Eternity in Your Arms is a hodgepodge of all the bands Creeper loves and has been influenced by. While they are mostly inspired by punk rock, you can hear traces of emo, glam, pop, and, dare I say, country. This is what helps them stand out. These elements are found all over their songs, keeping the album fresh and exciting. Featuring big hooks, lots of gang vocals, and a touch of Gothic and emo tendencies, their songs are grandiose, a spectacle even. It brings you back to the days when rockstars were meant to be bigger than life or aliens from another planet altogether. Sure, what they’re doing isn’t necessarily breaking genres, but man is it fun.

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Three Cheers for Sweet Revenge- My Chemical Romance

Release Year: 2004

Rating: 7/5/10

With their blend of punk and Gothic rock, My Chemical Romance hit the music scene in the mid-2000’s and made heads roll. Though this isn’t their first album, it is the one that made the band a mainstream success. Their intense, aggressive music backed by melodic vocals makes it easy to see why so many people flocked to the band. This may not be the best album I’ve ever heard, but it’s a pretty solid effort.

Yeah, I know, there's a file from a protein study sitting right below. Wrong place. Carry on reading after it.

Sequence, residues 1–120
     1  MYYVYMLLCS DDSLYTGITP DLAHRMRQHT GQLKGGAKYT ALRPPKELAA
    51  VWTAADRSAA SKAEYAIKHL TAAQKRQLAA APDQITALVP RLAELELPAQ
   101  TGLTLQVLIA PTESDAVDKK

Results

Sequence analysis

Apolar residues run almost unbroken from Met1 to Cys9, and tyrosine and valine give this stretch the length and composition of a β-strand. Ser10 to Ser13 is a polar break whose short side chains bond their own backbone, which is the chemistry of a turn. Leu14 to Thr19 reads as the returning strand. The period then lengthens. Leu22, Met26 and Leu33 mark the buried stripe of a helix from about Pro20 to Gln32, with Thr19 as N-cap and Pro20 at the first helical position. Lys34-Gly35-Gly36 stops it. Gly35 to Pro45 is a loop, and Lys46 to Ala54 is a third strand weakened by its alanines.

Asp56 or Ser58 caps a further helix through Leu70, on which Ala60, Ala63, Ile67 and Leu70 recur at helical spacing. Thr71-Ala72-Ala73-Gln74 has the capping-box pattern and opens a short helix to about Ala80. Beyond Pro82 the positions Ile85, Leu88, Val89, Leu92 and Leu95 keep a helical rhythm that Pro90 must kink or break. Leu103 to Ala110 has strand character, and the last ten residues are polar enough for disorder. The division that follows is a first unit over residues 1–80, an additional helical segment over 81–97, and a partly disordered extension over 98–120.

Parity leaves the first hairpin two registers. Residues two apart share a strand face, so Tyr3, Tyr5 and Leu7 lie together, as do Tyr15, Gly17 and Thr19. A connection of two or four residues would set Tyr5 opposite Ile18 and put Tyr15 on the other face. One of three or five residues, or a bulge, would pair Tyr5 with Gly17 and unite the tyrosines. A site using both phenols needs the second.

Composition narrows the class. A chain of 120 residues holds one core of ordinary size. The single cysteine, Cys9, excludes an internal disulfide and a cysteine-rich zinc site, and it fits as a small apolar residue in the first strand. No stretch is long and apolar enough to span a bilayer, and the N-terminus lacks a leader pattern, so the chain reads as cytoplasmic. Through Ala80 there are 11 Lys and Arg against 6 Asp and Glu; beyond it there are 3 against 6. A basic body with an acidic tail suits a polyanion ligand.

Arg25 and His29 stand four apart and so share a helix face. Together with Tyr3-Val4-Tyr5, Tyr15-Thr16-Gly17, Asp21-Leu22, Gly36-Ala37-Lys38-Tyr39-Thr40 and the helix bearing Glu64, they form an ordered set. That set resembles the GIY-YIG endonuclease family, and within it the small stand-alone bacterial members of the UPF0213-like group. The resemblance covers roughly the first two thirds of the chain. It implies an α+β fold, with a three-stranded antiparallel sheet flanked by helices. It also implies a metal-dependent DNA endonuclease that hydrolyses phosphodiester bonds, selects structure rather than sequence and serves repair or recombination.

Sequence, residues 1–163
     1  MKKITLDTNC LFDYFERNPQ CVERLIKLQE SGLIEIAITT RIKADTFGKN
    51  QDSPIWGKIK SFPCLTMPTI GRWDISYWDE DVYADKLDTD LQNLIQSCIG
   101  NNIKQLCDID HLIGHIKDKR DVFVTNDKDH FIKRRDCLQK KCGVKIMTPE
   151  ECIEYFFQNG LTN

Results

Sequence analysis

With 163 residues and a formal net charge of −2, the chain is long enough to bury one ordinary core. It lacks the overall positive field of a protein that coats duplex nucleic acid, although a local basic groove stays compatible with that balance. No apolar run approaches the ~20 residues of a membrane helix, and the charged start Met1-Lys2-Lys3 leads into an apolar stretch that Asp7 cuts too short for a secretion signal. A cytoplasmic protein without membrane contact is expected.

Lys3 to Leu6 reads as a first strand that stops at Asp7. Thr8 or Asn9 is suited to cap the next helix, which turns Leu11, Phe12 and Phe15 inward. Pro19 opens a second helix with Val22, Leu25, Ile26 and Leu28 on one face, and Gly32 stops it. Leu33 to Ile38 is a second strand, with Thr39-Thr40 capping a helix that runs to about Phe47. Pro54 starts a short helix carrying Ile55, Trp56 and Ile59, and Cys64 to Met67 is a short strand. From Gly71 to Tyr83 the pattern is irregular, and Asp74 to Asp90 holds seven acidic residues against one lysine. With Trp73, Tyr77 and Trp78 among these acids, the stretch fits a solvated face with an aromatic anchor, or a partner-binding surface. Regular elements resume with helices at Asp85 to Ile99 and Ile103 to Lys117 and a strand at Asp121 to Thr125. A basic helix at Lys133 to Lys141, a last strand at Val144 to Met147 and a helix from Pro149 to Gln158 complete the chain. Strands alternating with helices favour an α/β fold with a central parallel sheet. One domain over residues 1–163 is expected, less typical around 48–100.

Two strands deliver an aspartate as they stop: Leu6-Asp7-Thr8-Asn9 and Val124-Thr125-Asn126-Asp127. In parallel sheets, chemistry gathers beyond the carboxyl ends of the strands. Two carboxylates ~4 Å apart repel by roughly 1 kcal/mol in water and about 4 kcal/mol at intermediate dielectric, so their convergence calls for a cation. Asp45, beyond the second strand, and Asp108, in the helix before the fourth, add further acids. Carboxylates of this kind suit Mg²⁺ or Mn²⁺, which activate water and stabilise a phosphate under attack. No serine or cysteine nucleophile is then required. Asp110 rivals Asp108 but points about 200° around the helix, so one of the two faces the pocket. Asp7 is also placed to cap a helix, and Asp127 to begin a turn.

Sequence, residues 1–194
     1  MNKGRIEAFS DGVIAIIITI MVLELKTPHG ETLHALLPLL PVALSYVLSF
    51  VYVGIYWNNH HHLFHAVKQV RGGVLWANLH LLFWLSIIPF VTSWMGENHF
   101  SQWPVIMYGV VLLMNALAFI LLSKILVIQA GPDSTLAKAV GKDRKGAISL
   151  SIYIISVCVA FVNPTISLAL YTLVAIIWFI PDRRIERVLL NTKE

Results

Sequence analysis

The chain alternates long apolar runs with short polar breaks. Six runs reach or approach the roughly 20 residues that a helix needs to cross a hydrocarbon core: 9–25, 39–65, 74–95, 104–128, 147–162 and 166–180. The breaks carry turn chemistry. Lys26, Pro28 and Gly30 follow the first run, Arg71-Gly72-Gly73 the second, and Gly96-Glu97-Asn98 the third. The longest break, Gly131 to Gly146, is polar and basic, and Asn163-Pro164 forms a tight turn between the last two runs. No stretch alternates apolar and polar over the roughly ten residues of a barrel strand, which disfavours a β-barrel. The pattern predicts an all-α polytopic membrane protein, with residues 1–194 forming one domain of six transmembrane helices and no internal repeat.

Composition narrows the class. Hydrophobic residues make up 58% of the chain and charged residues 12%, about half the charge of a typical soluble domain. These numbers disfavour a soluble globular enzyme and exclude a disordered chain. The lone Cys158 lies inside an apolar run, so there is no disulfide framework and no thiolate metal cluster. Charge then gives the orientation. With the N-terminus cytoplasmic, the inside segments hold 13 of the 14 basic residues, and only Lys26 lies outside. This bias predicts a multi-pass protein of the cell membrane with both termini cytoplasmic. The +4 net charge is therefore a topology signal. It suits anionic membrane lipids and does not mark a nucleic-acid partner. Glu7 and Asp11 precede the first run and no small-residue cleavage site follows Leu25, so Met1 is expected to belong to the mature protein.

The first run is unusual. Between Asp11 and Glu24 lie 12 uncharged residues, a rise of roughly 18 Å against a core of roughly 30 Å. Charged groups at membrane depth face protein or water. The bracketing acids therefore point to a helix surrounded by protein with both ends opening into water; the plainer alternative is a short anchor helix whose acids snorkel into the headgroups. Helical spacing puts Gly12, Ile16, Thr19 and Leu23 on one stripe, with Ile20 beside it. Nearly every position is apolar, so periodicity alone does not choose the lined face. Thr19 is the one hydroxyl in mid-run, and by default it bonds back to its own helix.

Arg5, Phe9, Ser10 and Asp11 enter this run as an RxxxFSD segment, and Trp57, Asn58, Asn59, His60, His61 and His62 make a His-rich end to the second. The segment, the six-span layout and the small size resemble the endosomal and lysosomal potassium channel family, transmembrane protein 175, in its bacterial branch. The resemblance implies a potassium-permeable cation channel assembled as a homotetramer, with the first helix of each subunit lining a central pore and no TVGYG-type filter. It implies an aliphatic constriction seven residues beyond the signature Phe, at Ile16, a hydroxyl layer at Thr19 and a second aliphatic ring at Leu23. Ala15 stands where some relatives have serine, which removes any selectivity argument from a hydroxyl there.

The album opens with the punk infused “Helena.” It’s a very energetic, cryptic song that’s easy to get behind due to the catchy chorus and Gerard Way’s crazy vocals. The band lets their punk rock influence shine here with speeding guitars and an intense vibe that makes you go crazy. Due to all the chaotic screaming going on one may not realize the song is actually about Way’s grandmother, which adds a bleak sentimental value to the song. The next track “Give ‘Em Hell Kid” starts out with a speedy, bouncing riff that rings throughout the song. It’s another crazy energetic track that’ll have you going wild. There’s also some melody found here, which makes certain parts of the song easy to sing along to.

Probably the best song on the album is “The Ghost of You.” It’s the slowest track on the record and probably the heaviest in both music and lyrics. The intro riff is really somber and haunting, especially since it sounds hollow like it’s ringing out through an abandoned house. The song itself deals with the fear of loss and death. The music here is really great because it switches between moods of the song. The somber, slow music during the verse represents the sadness of loss, while the distorted intense guitars during the chorus represent the anger felt from said loss. It’s a really heavy song, especially when you picture the war themed video released for the single.